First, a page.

One could call Rand Paul's entrance to his U.S. Senate victory party at the Bowling Green Country Club Tuesday night "explosive."
Joined by family and friends, Paul entered to a music mix of AC/DC's "TNT" and Rush's "Spirit of Radio."
He called his win against Secretary of State Trey Grayson a great victory for himself and the Tea Party Movement.
Paul said Washington is horribly broken and people he talks to are unhappy.
On Tuesday night, Paul brought a message from the Tea Party and he didn't mince words when he said that the movement has come to take its government back.
"We are encountering a day of reckoning and this Tea Party Movement is a message to Washington that we're unhappy and we want things done differently," Paul told a packed crowd of supporters, and a number of media outlets from across the state and nation. "The Tea Party Movement is huge. The mandate of our victory tonight is huge. What you have done and what we are doing can transform America."
During his speech, Paul said change is imperative for Washington.
The Bowling Green eye doctor says that 70 to 80 percent of the people he talks to say they feel Congress should enact term limits.
Paul says Congress should be forced to pass a budget, and adds lawmakers in Frankfort have to do it, so those in Washington should as well.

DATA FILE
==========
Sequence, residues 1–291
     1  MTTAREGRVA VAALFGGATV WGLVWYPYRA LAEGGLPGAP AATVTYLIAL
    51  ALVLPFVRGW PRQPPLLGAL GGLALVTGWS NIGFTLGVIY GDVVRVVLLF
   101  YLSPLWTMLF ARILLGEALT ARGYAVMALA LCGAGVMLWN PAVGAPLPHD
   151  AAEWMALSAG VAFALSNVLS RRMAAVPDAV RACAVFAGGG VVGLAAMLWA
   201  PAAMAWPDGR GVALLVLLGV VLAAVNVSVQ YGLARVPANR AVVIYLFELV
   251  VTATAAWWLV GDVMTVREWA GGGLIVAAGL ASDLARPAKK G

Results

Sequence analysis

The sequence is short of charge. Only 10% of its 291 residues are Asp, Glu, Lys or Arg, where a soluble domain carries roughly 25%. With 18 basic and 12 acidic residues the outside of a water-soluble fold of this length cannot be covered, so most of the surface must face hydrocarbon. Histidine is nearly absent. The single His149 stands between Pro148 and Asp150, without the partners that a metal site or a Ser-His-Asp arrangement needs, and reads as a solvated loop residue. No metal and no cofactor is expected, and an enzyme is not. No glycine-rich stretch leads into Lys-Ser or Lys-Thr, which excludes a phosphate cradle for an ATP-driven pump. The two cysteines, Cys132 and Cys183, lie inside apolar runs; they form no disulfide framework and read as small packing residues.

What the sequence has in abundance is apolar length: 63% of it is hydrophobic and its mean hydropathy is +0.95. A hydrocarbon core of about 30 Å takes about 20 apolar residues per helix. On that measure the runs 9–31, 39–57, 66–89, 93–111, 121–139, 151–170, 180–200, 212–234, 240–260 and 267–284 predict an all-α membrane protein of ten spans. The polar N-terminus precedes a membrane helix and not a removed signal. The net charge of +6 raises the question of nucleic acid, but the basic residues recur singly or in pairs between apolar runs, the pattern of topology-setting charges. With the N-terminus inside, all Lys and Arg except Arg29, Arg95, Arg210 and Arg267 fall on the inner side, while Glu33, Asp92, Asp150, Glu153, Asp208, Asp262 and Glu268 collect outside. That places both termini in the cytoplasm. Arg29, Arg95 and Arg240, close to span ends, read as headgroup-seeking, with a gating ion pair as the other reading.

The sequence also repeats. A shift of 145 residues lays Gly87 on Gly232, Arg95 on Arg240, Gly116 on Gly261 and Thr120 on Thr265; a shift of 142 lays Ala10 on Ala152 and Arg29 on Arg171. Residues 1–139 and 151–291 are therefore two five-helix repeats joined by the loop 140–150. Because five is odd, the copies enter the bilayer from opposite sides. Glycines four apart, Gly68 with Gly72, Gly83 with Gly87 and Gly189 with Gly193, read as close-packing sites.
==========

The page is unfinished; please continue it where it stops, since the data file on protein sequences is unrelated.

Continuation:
Doctor Paul also told the crowd that lawmakers should actually read bills presented to them, instead of just signing them. He suggested one day for every 20 pages of legislation.
Many of his ideas his father, Ron Paul, echoes, who said Tuesday night that his son won't just side with other Republicans if he doesn't think something is right.
"If something is wrong, he is going to stand up for what is right," the former presidential candidate said. "He doesn't take his oath of office to the Republican party, we take it to the Constitution and we think that is a pretty darn good document."
Dr. Paul was scheduled to speak with Senator Mitch McConnell after Tuesday's election ended.
Paul says he thinks Kentucky wants two senators, not one. He says he'll be an independent voice, but there will be many times that he and Sen. McConnell will be able to work together.